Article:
Bee Stock: German, Russian, and Caucasian Bees

When it comes to beekeeping, there are many different bee stock species to choose from, each with its own unique traits and characteristics. These differences can be attributed to genetics, which can have an impact on things like temperament, disease resistance, productivity, and color.

Experienced beekeepers have long recognized the advantages and disadvantages of working with various genetic stocks for various objectives, such as pollination, honey production, bee reproduction, or overall resiliency. Knowing these differences is essential for attaining your beekeeping goals.

In Part 1, ´Pros and Cons of Bee Species for your Hive´, we have discussed the Pros and Cons of the Italian, Carniolan and Buckfast honey bee. Below we discuss the strengths and weaknesses of the German, Russian, and Caucasian honey bee.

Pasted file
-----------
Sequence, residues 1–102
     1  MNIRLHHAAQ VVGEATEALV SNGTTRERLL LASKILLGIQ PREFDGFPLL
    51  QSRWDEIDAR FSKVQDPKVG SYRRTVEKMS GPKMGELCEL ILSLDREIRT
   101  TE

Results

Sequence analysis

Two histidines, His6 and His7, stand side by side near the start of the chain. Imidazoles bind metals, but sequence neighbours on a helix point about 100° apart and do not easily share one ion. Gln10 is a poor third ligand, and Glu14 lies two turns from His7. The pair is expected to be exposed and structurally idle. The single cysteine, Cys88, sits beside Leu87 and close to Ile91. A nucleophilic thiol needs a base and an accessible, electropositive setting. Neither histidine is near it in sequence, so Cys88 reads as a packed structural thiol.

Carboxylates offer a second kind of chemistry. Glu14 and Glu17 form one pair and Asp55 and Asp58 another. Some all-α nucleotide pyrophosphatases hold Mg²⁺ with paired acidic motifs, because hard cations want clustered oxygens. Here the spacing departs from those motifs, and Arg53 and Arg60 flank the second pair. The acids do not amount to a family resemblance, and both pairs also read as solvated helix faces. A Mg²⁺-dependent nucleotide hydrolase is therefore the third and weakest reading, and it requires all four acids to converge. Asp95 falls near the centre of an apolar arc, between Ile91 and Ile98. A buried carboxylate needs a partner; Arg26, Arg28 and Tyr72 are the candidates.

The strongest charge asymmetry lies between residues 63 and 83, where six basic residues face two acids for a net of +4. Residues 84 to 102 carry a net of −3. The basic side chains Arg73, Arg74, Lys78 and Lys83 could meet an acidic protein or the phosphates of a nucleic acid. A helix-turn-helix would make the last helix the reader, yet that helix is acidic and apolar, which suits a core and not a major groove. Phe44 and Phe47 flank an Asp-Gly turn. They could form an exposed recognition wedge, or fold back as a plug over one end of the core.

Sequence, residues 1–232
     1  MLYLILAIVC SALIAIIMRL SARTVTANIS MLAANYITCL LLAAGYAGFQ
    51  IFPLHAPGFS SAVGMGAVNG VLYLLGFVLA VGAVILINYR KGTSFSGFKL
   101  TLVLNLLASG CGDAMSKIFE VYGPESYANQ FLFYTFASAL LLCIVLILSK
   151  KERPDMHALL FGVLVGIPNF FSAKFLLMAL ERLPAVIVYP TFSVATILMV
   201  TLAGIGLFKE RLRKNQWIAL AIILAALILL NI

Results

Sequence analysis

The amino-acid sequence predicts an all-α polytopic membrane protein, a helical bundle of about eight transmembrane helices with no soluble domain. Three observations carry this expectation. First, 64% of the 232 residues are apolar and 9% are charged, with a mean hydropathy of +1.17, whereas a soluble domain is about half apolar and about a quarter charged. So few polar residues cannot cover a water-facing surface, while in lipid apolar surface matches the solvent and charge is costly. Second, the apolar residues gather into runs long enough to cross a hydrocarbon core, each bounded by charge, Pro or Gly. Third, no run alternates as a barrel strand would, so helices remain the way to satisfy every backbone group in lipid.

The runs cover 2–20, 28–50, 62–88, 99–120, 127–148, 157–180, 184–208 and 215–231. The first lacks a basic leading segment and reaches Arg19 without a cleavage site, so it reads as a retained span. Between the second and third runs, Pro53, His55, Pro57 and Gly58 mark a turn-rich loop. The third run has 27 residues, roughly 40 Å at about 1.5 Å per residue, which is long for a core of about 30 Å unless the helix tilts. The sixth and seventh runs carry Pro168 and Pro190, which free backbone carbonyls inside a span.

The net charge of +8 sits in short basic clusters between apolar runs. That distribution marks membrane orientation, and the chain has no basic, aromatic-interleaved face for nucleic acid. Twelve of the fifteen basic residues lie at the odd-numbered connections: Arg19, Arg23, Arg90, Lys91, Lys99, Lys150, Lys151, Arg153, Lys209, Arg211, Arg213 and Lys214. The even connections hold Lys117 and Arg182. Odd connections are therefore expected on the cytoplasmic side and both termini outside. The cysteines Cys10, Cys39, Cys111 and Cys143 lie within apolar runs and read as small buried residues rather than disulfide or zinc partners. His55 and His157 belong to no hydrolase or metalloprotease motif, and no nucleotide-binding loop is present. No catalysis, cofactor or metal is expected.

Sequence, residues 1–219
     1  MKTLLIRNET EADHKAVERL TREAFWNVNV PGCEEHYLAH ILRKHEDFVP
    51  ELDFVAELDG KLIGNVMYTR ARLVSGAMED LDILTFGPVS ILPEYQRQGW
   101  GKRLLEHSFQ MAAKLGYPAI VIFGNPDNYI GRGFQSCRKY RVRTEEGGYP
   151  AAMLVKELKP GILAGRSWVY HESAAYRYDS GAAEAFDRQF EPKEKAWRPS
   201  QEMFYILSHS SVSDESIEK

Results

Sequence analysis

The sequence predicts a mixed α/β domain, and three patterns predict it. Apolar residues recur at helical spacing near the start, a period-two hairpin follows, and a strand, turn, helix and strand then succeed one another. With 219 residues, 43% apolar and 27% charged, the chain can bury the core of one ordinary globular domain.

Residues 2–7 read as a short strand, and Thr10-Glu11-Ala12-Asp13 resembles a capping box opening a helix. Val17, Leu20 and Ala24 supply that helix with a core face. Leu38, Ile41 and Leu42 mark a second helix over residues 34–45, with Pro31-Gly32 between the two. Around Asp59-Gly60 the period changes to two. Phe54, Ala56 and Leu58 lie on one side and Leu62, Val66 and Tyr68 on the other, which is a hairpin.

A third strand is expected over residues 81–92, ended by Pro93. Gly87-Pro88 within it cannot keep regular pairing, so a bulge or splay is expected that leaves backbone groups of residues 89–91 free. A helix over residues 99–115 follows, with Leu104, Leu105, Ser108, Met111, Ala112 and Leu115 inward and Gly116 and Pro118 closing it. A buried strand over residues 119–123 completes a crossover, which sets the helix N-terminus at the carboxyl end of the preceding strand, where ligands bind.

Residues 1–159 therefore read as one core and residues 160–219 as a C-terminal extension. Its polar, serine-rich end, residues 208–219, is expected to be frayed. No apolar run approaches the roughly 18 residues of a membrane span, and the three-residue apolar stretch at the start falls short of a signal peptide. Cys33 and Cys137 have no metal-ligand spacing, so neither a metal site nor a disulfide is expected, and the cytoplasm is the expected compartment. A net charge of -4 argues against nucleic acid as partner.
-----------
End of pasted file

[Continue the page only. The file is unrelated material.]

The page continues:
German Bee Stock

Beekeeping enthusiasts often choose to raise the German Dark Bee, also known as the European Dark Bee. It is s a subspecies of the Western honey bee Apis mellifera mellifera. This subspecies was originally brought over from Northern Eurasia during the colonial era. Since then it has been further segmented into various sub-races due to its resilience and ability to survive harsh winters.

Its hardiness makes the German bee (A. m. mellifera) or “black” bee a popular choice among beekeepers looking for a species that can withstand colder climates.